The Federal Office for Goods Transport (BAG) explained in detail how roadside checks are carried out. What should drivers be careful about? What can BAG officers check? The Office recalls the principles enshrined in both EU and national law.
BAG has published an information brochure in which it provides detailed information on roadside checks carried out in Germany. For experienced drivers, most of them will not be new, but it is worth recalling them.
The Office is authorised to stop German and foreign motor vehicles for the transport of goods as well as buses and coaches. The BAG often works in cooperation with other authorities, e.g. the police, customs or the business supervisory authority, as well as with other authorities at the international level.
Call for control
During the mobile control, the driver is called manually to the nearest parking lot. In the case of stationary inspections at rest areas and parking lots on motorways, federal and national roads – the call is made by means of LED signs or as part of stationary inspections at rest areas and parking lots. The selection of vehicles for stationary inspections takes place on the inspection yard.
Vehicles are referred for inspection by means of the following messages:
In addition, the driver can be summoned to an inspection specifically by the vehicle registration number (Kennzeichen).
Non-compliance with the marking is punishable by a fine of EUR 300.
Tasks and powers of inspectors
During the roadside inspection, BAG checks, in accordance with Section 11, Paragraph 2 of the German Road Freight Transport Law (GüKG), in particular, the following:
– whether the driver has all the documents (driving licence, accompanying document, an insurance policy against liability for damage to goods) and work certificates (driver card for the digital tachograph and all handwritten records and printouts of the current day and the previous 28 calendar days),
– the lawful use of the tachograph and the observance of driving and rest periods,
– compliance with certain provisions of the law on stay, work permit and social security,
– observance of the permissible dimensions, axle loads and total weights and the securing of the load and condition of motor vehicles, trailers and vehicle combinations,
– compliance with the regulations governing the transport of dangerous goods,
– the prescribed technical condition of motor vehicles for the carriage of goods (technical inspection en route),
– observance of Sunday and holiday driving bans and summer bans.
If there is any infringement, BAG officers can, depending on the infringement, issue a reminder or a protocol to initiate the infringement procedure. In the case of drivers working for foreign companies, a security deposit is usually necessary. If the driver is not able to pay the full amount immediately, the inspectors may forbid him to continue driving.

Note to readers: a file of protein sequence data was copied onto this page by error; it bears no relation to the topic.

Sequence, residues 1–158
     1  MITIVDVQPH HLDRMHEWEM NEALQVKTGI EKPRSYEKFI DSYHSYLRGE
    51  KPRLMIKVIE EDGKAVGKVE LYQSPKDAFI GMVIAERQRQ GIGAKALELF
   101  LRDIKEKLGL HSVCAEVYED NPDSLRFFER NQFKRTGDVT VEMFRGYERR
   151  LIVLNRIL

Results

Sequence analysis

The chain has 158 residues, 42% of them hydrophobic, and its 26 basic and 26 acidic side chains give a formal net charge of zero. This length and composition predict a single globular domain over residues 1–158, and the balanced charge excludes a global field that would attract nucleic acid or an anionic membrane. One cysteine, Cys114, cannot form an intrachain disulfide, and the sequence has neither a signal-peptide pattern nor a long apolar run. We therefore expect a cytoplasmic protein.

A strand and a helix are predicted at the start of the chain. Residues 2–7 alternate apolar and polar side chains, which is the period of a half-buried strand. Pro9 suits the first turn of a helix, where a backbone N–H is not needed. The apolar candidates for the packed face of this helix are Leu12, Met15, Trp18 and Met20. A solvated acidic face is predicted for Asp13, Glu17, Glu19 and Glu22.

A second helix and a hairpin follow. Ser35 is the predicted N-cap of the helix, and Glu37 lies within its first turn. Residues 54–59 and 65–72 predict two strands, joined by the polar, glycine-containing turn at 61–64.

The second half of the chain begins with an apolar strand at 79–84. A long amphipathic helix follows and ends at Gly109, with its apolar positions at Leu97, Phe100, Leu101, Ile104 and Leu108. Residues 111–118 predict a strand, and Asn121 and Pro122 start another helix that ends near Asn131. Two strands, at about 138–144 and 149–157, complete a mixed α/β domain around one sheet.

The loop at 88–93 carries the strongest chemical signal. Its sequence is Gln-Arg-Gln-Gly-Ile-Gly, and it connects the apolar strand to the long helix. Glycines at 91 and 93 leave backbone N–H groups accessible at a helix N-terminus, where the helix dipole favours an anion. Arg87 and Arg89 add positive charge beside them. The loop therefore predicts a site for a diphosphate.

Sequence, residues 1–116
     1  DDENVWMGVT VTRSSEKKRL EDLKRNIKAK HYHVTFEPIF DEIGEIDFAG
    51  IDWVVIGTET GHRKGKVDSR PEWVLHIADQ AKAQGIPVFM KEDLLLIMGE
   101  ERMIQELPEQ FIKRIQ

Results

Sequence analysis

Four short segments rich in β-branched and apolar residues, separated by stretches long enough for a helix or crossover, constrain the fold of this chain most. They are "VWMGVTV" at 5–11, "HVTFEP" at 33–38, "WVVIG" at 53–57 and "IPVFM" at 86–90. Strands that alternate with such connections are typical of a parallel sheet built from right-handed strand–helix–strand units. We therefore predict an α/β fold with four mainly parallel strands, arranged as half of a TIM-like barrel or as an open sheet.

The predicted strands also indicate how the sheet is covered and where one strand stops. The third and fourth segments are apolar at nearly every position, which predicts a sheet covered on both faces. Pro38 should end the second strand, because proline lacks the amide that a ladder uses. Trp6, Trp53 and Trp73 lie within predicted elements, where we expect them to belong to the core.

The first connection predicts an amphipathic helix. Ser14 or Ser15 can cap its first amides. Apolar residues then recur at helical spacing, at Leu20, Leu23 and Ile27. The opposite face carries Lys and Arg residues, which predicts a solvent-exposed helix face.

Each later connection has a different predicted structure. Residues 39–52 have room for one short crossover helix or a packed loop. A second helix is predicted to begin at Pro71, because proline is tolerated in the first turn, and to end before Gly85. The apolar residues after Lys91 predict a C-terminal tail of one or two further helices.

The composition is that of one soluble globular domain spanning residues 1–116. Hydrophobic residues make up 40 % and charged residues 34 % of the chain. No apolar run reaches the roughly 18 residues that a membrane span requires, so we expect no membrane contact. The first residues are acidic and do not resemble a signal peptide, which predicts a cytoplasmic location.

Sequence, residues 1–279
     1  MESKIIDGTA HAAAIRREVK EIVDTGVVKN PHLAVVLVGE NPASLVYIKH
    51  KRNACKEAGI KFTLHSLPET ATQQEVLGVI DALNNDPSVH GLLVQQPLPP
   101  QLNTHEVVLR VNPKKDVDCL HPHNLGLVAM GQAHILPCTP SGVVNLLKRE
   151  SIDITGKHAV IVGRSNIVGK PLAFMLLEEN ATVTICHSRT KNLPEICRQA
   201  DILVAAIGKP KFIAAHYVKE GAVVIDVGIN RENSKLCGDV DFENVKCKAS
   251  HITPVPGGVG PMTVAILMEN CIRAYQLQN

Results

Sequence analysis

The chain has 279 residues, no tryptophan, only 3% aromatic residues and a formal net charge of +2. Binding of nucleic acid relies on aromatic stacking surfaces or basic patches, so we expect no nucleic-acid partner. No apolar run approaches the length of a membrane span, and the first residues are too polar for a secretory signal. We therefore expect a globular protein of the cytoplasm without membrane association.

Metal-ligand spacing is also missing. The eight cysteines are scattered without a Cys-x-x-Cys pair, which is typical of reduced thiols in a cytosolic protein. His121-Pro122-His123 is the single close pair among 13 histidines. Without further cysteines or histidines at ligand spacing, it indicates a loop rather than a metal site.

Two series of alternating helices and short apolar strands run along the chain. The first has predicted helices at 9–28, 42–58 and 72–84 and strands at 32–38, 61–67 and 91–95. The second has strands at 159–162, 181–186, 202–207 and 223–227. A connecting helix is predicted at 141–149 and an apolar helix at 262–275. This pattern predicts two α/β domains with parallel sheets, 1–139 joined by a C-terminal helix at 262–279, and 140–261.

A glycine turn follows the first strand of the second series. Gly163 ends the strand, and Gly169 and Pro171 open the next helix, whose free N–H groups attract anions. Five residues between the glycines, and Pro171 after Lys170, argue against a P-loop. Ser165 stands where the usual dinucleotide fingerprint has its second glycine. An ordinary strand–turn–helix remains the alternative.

Checks on the weekly rest period
On 25 May 2017, a ban on taking 45-hour rest in the cabin of a vehicle entered into force in Germany, bringing German law into line with EU Regulation (EC) No 561/2006.
The operator must ensure that the driver receives a regular weekly rest not in the vehicle, but in a sleeping area, as stated in the brochure.
For spending a regular weekly rest in a truck, both the carrier and the driver are punished. The company may be fined up to €1,500 and the employee – up to €500.
According to the European Commission’s guidelines, tickets for spending the 45-hour break in the cabin can only be issued if the driver is caught in the act. The inspectors are also not entitled to demand a hotel bill or any other document proving that the driver was resting outside the vehicle.
Paul Reich from Translawyers explains how the driver should behave during a BAG inspection:
First of all, it should be stressed that any attempt to avoid the payment of a deposit towards a ticket subsequently imposed is ineffective during the inspection. Of course, when the inspection body wants to impose an unreasonably high deposit or an unreasonable detention, this can be a matter for discussion. However, it should be remembered that each inspection must be assessed individually, preferably by a German lawyer, who can give his opinion by phone to the inspection body concerned,’” the lawyer explains.
An untrained employee is an “expensive” employee, so it is advisable to prepare him for a possible BAG roadside check. Paul Reich provides some practical tips:
Before departure, check that the driver has all the necessary documents and that these documents are in accordance with the facts, including the following:
– driver’s driving license,
– vehicle documentation,
– a record of the driving time and rest periods of the driver,
– cargo list,
– general permits,
– specific permits.
Should reservations be made by the inspectors during the inspection, the driver is legally obliged to provide the following information:
– his personal data,
– the data of the company,
– the data concerning the transported cargo.
The following rules are very important:
– do not give any evidence of the facts,
– do not look for excuses or explanations,
– do not point to another “guilty”,
– Do not admit your guilt either verbally or in writing,
– If you receive an administrative fine (Bußgeldbescheid), do not pay,
– Talk in English or pretend you do not speak German,
– If it is possible, you should make your photo documentation on the case, independently of the inspection authority.
For detailed information on inspections and applicable regulations, please refer to the BAG brochure.